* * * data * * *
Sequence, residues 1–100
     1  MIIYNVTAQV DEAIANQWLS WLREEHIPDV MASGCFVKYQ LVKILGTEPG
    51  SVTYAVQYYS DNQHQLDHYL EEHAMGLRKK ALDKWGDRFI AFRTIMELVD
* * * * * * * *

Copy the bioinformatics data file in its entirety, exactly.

Sequence, residues 1–100
     1  MIIYNVTAQV DEAIANQWLS WLREEHIPDV MASGCFVKYQ LVKILGTEPG
    51  SVTYAVQYYS DNQHQLDHYL EEHAMGLRKK ALDKWGDRFI AFRTIMELVD